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Apr. 27, 2020 UPDATE
Gion Matsuri Festival - 祇園祭 -
Traveler Friendly
As the festival is held for one whole month, it is easy to join!
Information
Japanese only
Languages spoken
Japanese only
PeriodJuly 1st to July 31st, every year
2492 24 8.0 1 reviews
Apr. 27, 2020 UPDATE

Gion Matsuri Festival

- 祇園祭 -
Traveler Friendly
As the festival is held for one whole month, it is easy to join!
Information
Japanese only
Languages spoken
Japanese only
2492 24 8.0 1 reviews
PeriodJuly 1st to July 31st, every year
Story & Recommendation
The biggest summer festival in Kyoto for one whole month
Gion Matsuri is a magnificent and splendid festival that has been held by Yasaka Shrine for the past one thousand one hundred years. It began in AD 869 when the plague raged through not only Kyoto but all of Japan. Therefore, the people of Kyoto attempted to appease the god of Gion and pray for deliverance from the disaster by building 66 Hoko, festival decorative floats, in Shinsen-en, a vast garden in Heian-kyo, and carried around a portable shrine. The number 66 represents the number of Japanese provinces in those days. The month-long Gion Matsuri begins on July 1st and ends on July 31st. During this one-month period, various religious services and events are unfolded (referred to Yasaka Shrine Official Website). ▼Click here for Writer's Blog http://sharing-kyoto.com/Blog/b_Gion_Matsuri_Festival/
1Highlight
Hanagasa Junko
Hanagasa Junko
This event will be held on July 24th at 10am till noon in front of Yasaka Shrine. Junko means “parade” and we can see the large umbrellas and hats decorated with flowers during the Hanagasa Junko. Participants, who performe dances and other types of art as an offering to deities in Yasaka Shrine, go to the streets of Kyoto to be greeted by general public (referred to Matsuri Times).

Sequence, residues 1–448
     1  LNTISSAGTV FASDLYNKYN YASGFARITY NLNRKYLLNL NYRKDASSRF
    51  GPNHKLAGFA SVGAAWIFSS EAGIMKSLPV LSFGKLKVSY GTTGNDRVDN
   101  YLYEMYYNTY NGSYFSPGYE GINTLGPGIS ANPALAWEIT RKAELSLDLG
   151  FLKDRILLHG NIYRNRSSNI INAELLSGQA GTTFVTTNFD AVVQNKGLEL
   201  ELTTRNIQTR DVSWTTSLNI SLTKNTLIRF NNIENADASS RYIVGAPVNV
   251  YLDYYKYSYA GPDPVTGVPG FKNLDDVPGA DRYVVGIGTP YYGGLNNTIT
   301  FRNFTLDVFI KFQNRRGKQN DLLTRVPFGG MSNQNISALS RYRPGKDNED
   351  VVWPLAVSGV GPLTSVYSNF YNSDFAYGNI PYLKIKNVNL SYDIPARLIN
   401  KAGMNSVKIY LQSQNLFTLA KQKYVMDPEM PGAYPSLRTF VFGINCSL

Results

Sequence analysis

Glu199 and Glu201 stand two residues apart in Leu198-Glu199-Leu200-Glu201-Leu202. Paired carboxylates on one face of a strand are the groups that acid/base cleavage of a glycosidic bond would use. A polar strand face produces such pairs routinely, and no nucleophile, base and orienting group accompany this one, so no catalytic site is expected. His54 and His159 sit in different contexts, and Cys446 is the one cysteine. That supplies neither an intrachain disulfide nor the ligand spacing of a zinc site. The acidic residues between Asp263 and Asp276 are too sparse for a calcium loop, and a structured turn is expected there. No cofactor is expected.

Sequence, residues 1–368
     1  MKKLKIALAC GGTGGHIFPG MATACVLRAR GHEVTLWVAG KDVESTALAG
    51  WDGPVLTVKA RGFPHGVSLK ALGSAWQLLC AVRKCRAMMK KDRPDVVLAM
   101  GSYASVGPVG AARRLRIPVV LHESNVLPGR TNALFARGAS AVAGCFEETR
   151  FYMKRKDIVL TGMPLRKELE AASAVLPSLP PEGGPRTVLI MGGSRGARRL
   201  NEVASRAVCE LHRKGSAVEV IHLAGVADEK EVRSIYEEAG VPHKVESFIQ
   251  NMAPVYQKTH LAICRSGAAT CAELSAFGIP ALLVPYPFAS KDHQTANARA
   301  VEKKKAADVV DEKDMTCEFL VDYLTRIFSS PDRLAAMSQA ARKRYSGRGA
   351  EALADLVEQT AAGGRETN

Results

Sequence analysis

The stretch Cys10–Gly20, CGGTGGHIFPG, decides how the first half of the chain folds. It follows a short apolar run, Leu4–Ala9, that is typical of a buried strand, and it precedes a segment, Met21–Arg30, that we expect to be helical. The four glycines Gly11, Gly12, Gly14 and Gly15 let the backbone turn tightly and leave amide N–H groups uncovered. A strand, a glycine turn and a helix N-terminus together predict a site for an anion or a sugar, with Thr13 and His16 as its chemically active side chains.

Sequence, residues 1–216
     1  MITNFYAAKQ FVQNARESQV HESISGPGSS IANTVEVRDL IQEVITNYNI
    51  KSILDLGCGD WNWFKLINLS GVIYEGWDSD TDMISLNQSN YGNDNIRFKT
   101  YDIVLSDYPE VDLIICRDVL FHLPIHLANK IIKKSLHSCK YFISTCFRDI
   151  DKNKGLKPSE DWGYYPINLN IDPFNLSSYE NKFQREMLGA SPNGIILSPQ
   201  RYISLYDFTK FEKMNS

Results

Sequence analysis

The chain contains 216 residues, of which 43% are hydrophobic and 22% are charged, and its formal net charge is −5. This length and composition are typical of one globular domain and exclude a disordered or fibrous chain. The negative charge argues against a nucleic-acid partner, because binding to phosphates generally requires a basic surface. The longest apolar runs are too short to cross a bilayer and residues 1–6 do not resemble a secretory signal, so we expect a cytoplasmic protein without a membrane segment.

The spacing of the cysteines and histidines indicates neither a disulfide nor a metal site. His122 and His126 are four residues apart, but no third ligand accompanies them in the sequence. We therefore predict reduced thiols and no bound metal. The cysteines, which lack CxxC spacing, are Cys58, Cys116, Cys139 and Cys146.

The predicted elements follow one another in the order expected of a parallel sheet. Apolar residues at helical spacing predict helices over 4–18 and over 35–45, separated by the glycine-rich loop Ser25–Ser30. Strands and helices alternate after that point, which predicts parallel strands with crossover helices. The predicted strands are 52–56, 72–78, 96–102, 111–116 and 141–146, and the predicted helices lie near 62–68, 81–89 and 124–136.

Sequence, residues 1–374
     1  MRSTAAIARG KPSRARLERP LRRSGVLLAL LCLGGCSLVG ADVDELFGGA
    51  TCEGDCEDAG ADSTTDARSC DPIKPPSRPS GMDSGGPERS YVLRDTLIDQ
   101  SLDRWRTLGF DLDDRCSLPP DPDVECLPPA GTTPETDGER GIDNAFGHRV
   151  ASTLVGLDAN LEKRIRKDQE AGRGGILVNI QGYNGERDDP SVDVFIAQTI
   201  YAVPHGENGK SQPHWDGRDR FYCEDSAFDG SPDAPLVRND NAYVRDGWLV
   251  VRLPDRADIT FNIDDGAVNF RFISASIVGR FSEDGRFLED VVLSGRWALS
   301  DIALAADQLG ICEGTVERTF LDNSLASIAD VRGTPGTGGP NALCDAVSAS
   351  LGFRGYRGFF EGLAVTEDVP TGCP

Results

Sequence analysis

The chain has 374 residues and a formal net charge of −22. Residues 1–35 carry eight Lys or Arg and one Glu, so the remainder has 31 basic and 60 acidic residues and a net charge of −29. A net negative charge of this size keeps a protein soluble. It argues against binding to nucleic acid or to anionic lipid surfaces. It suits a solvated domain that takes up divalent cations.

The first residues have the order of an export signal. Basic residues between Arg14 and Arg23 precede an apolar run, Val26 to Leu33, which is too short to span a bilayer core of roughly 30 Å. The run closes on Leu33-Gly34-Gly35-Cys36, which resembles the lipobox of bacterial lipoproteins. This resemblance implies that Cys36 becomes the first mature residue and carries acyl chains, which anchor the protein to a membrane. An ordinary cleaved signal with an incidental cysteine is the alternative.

2Highlight
Kankosai
Kankosai
In the evening of July 24th, many people join to carry the three mikoshi from Otabisho, the trip places, back to Yasaka Shrine. When mikoshi arrive at the shrine, special prayers will be held to welcome the spirits back to their main ''home''. This ceremony ends around midnight (Referred to Kyoto Visitor’s Guide and Yasaka Shrine Official Website).
3Let's join!
Omukae Chochin
Omukae Chochin
Omukae Chochin means welcoming lanterns. Men wearing formal kimono depart from Yasaka Shrine at 16:30 on July 10th. They escort children dressed up in gorgeous traditional outfits and head west along Shijo to Kawaramachi. Their role is to welcome the mikoshi portable shrines carried out of Yasaka Shrine later in the evening (referred to Kyoto Visitor’s Guide).
4Let's join!
Shinkosai
Shinkosai
At evening on July 17th, the shrine deities that preside over the festival are transported in three special mikoshi (portable shrine) from Yasaka Shrine to the Otabisho. More than 1,000 people will participate in this important procession (referred to Kyoto Visitor’s Guide).
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